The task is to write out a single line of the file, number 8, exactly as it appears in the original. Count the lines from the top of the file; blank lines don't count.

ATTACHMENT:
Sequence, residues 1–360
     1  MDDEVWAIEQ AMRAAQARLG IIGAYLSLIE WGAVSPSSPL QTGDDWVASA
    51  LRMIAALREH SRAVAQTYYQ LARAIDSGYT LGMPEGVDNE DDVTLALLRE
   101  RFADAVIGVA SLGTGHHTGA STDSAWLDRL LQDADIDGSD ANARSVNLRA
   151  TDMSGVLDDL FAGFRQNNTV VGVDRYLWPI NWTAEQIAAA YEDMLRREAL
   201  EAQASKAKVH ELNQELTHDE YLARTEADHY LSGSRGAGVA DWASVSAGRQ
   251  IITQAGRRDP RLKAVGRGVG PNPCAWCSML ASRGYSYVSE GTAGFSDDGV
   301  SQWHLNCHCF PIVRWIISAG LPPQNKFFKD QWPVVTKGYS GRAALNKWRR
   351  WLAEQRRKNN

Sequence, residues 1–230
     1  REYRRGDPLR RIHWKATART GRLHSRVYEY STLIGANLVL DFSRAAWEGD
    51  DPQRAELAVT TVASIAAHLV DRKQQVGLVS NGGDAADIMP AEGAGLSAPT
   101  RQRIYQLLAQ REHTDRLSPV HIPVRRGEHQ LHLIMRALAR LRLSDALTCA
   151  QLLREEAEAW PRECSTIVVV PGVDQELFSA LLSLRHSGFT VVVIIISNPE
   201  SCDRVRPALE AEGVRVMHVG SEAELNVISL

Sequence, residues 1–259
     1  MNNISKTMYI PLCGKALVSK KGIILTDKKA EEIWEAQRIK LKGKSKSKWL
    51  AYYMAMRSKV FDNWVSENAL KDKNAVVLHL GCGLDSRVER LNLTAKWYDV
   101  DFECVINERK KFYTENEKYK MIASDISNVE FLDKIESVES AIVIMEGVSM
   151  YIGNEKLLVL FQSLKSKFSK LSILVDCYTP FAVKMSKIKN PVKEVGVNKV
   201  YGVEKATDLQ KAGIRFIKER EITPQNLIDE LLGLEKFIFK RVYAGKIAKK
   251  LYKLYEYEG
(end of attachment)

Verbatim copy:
   301  SQWHLNCHCF PIVRWIISAG LPPQNKFFKD QWPVVTKGYS GRAALNKWRR